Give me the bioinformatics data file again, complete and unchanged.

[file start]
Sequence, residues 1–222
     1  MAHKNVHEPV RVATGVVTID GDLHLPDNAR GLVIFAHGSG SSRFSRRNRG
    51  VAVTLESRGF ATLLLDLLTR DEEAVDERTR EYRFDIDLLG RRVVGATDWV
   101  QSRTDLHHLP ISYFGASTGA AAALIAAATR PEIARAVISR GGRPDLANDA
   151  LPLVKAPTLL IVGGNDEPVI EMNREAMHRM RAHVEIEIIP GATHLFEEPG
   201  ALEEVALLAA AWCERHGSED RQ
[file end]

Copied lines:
Sequence, residues 1–222
     1  MAHKNVHEPV RVATGVVTID GDLHLPDNAR GLVIFAHGSG SSRFSRRNRG
    51  VAVTLESRGF ATLLLDLLTR DEEAVDERTR EYRFDIDLLG RRVVGATDWV
   101  QSRTDLHHLP ISYFGASTGA AAALIAAATR PEIARAVISR GGRPDLANDA
   151  LPLVKAPTLL IVGGNDEPVI EMNREAMHRM RAHVEIEIIP GATHLFEEPG
   201  ALEEVALLAA AWCERHGSED RQ